Rainbow Rundown: CDC acknowledges increased COVID risk for LGB people

Welcome to your weekly recap of LGBTQ news and goings-on. Published every Friday, Charlotte Pride’s Rainbow Rundown helps you catch up quick, with all the latest news from our region and beyond.

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CDC acknowledges increased COVID risk for LGB people

The Centers for Disease Control and Prevention (CDC) has released a study on the impact of COVID-19 on lesbian, gay, and bisexual people. Though falling short of adequately analyzing transgender people, the study confirms what LGBTQ health professionals and experts have been saying since the beginning of the COVID pandemic last spring: LGBTQ people are more vulnerable and susceptible to severe COVID-19 infections and repercussions.

The acknowledgement comes in a study released late last week, as reported by McClatchy:

The analysis found that multiple underlying conditions — including asthma, cancer, heart disease, COPD, hypertension, kidney disease, smoking, obesity and stroke — are more prevalent among lesbian, gay and bisexual individuals than heterosexual men and women, in the overall population as well as within specific racial and ethnic groups.


Underlying health conditions among sexual minorities within Black and Hispanic populations – communities that have already been disproportionately affected by the coronavirus pandemic — “is of particular concern,” the study said.

“Persons who are members of both sexual minority and racial/ethnic minority groups might therefore experience a convergence of distinct social, economic, and environmental disadvantages that increase chronic disease disparities and the risk for adverse COVID-19–related outcomes,” the study said.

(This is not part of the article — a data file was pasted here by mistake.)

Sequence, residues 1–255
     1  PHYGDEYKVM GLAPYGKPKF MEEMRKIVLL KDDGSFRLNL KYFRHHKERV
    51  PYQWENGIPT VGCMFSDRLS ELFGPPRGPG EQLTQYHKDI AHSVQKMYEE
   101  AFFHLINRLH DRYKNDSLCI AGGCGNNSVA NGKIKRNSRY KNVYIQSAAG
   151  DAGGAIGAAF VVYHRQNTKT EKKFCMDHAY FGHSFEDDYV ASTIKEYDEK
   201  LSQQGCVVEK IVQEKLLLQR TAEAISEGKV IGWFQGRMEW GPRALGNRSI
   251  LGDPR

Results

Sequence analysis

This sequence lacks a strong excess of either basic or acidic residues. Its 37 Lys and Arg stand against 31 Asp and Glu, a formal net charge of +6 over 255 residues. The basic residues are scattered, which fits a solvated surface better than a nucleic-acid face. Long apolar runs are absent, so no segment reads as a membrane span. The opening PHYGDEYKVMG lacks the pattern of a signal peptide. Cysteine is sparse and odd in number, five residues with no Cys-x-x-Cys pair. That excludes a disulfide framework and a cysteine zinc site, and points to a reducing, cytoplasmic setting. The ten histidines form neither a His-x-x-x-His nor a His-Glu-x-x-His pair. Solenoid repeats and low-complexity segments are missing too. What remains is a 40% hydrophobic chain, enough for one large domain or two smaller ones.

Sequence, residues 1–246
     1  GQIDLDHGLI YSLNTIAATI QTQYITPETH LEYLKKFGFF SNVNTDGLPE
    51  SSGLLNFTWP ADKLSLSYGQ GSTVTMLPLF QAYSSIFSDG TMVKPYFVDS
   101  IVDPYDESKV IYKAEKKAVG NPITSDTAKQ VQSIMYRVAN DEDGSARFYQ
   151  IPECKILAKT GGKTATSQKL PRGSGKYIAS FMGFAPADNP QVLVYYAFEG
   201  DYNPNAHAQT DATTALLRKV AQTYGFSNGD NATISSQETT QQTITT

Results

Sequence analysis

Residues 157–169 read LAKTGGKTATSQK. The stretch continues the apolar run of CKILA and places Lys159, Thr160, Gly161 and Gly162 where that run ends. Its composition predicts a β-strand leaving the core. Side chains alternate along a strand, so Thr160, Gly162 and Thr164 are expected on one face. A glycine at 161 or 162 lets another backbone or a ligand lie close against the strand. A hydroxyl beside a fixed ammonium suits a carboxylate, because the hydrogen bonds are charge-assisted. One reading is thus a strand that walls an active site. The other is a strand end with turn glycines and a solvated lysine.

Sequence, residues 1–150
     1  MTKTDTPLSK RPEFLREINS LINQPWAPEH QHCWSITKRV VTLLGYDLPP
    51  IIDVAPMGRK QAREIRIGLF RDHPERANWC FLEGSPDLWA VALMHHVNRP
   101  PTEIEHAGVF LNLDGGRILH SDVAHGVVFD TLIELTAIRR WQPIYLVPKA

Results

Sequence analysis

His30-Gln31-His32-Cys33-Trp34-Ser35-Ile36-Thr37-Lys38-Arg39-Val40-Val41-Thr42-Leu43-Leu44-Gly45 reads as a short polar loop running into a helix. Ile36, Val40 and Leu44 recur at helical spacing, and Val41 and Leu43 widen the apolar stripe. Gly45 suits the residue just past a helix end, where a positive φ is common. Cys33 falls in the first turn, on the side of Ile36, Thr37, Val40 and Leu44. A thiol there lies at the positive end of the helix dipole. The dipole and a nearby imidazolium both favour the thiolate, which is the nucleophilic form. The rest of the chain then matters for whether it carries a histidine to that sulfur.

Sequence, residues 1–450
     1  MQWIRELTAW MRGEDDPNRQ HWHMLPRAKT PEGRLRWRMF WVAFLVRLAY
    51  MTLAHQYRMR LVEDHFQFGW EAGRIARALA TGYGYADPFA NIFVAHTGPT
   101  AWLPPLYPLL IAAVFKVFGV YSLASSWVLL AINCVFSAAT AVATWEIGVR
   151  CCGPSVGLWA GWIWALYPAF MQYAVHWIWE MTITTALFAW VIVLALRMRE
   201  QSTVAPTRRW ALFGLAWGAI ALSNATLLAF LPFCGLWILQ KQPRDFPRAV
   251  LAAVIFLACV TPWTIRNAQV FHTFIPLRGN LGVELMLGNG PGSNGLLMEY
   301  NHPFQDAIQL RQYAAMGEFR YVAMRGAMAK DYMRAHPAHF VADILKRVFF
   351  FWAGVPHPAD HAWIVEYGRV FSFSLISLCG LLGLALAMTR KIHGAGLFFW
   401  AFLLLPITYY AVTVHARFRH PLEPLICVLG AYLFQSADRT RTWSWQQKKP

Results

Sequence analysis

The study also acknowledged it severe limitations, namely in the lack of rigorous data collection and monitoring of LGBTQ populations.

“This data gap underscores the need to extend COVID-19 surveillance and other studies to include measures of sexual orientation and gender identity,” the study said.

The study centered its data analysis on sexual minority people — lesbians, gays, and bisexuals. The number of people identifying as transgender or nonbinary was too small to adequately compare to the larger cisgender data pool.

The study confirms what LGBTQ health professionals and advocates have been saying since last spring. Led by the National LGBTQ Cancer Network, dozens of LGBTQ organizations released two open letters and other information calling on local, state, and government authorities to better track and analyze COVID’s impact on LGBTQ people. At the time, LGBTQ leaders rightly pointed out the community’s increased vulnerability and the lack of routine and regular inclusion of LGBTQ people in regular demographic data collection.

The CDC’s report prompted Durham’s WTVD to report on what state health officials in North Carolina are doing to address health disparities among LGBTQ people. The state department of health and human services says a deeper attention to the LGBTQ community is needed. It tracks some data but hasn’t been able to collect enough to do any “meaningful analysis.” The department says it relies on existing partnerships with community groups to assist with outreach.

Read the full CDC study here. Read McClatchy’s report on the study via The Charlotte Observer.

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The annual Charlotte Pride Magazine is back — with a special year-end retrospective for 2020. With the absence of an in-person festival and parade during this wild ride of a year, we decided to push the annual magazine back to December and use it to chronicle our work and the experiences of our community this year. With a very limited print run, you can find printed magazines in select locations across the city. View our distribution locations, a virtual flip book edition, and all the magazine’s articles here.